In 2014, the state had a total of 330,709 index crimes, a drop of 2.8 from the previous year. In 2015, the total index crimes were 323,980, a 2.7-percent drop. In 2016, the total index crimes were 313,113, a 3.4-percent drop. In 2017, they were 306,840, a 2.1-percent drop. And in 2018, they were 282,276, an 8.2-percent drop.
Indeed, according to the FDLE, violent crimes have dropped 41.8 percent statewide in the 20-year period from 1997 to 2017, from 146,929 reported offenses in 1997 to 85,558 in 2017.

Sheriff interprets crime report

Lazaro Aleman
ECB Publishing, Inc.

Concerning the crime report recently released by the Florida Department of Law Enforcement (FDLE), Sheriff Mac McNeill wants residents to understand the reasons behind the numbers and the nature of statistics.
Any increase is bad, McNeill acknowledged. And of course he would like to see the numbers dropping instead of increasing, he said. The statistics aside, however, the situation is not so dire as the numbers make it appear, and residents can feel relatively safe here, he said.
Moreover, compared with most other counties, Jefferson County has a low crime rate, McNeill said.
The FDLE's 2018 Semi-Annual Crime Report, released just last week, shows a total of 208 index crimes in Jefferson County during the first half of 2018, versus 163 in the first half of 2017 -- a 27.6-percent increase.
The seven index crimes are murder, rape, robbery, aggravated assault, burglary, larceny, and motor vehicle theft.
McNeill's first point was that in a rural county with a relatively low crime rate, the least increase in numbers can appear statistically staggering.
Case in point, Jefferson County had two murders in the first half of 2018, versus zero murders in the first half of 2017, which translates into a 200-percent jump. Whereas in a large city that had 100 murders in one reporting period versus 150 in another, it would translate into a 50-percent increase.
Of course, even one murder is one too many, McNeill said. But it's to make the point about the nature of statistics and the importance of maintaining a proper perspective on what they suggest. Conversely, he made the point, a drop from one murder to zero murders in a small community would represent a 100-percent improvement, which could be equally misleading.
“It can go the other way,” he said. “If the rate decreases, it looks like crime is going down.”
McNeill cited the case of burglaries, which jumped here from 35 to 79 during the two periods. He said two distinct groups, one made up of juveniles and the second of adults, accounted for 45 of the burglaries. Which problem was largely resolved once the two groups were arrested, he said.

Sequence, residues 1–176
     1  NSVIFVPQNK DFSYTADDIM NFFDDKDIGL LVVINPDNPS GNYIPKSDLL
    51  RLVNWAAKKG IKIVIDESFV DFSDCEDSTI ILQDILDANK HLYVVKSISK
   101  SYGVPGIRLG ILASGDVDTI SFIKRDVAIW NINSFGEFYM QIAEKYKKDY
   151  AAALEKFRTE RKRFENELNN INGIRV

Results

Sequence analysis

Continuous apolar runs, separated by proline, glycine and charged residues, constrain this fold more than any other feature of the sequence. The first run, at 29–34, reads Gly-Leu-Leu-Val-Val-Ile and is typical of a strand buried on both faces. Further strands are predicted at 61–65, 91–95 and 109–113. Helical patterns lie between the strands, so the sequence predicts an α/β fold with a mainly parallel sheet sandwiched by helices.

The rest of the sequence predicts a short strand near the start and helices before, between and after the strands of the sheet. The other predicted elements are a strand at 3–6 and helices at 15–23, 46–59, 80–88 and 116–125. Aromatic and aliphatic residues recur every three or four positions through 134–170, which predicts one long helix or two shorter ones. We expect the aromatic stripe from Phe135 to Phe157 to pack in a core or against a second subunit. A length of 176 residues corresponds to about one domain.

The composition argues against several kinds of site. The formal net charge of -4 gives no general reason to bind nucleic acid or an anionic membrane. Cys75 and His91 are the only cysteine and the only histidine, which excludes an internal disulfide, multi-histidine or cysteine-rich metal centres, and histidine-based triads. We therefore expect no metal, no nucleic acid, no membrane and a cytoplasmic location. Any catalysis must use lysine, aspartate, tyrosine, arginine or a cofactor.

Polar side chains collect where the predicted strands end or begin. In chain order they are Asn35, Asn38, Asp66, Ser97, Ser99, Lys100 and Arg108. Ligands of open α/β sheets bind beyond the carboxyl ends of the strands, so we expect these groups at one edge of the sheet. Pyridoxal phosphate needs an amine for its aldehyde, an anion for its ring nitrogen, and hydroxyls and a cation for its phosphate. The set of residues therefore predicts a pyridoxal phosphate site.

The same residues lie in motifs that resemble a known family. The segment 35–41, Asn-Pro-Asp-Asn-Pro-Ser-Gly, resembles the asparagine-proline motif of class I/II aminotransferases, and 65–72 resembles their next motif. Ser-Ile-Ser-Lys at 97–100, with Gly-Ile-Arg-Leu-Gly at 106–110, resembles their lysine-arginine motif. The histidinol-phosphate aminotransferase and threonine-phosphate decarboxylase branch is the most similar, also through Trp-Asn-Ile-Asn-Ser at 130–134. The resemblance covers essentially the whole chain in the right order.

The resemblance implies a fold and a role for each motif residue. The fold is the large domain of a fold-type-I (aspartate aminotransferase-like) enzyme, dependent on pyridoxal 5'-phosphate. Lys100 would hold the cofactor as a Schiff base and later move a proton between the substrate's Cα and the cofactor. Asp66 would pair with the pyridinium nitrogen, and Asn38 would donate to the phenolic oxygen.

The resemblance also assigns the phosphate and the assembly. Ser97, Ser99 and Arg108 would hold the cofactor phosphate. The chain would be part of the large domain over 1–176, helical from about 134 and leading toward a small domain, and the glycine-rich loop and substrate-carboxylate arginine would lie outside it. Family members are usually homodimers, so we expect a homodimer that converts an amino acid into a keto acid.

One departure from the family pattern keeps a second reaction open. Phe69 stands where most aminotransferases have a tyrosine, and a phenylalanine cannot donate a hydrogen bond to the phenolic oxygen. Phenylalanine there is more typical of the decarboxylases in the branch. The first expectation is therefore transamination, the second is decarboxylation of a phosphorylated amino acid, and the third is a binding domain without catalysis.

“If we see an increase in any quadrant, we address it,” McNeill said. “When a spike happens, we address the problem.”
Another factor is is how crimes are reported, he noted. In a large community, for example, a dozen break-ins at an apartment complex in one night could conceivably result in one report, he said. Whereas the same dozen burglaries in a rural county would result in 12 separate incident reports because of the separateness and distances between the dwellings.
“But I would rather that we look our worst than to fudge the numbers,” McNeill said.
Still, it was something to keep in mind when interpreting the numbers, he said.
He noted too that aggravated assaults dropped significantly during the two periods, from 57 in the first half of 2017 to 35 in the first half of 2018. It was simply the nature of crimes sometimes to rise or fall regardless and independent of the best efforts of law-enforcement agencies, and the latter could only address the issues as they arose, he said.
“Our guys do a great job,” McNeill said. “But sometimes, you can't help the spikes. What we're happy about is that when these occur, the guy who contribute to the spikes get arrested.”
It must also be kept in mind that the county is crossed by an interstate that brings in its own influx of criminals, he said. Too, the county borders two large communities to the north and west that also contribute their share to the local criminal activity, he said.
McNeill pointed to the Sheriff's Office's clearance rate of 36.0 percent and called it good.
“If you look at it, 30.5 percent is a good clearance rate,” he said. “Being is the high 30’s is a high clearance rate.”
He praised Police Chief Fred Mosley and the Monticello Police Department (MPD) for having achieved a 51.7-percent clearance rate.
“The chief and MPD should be commended,” McNeill said.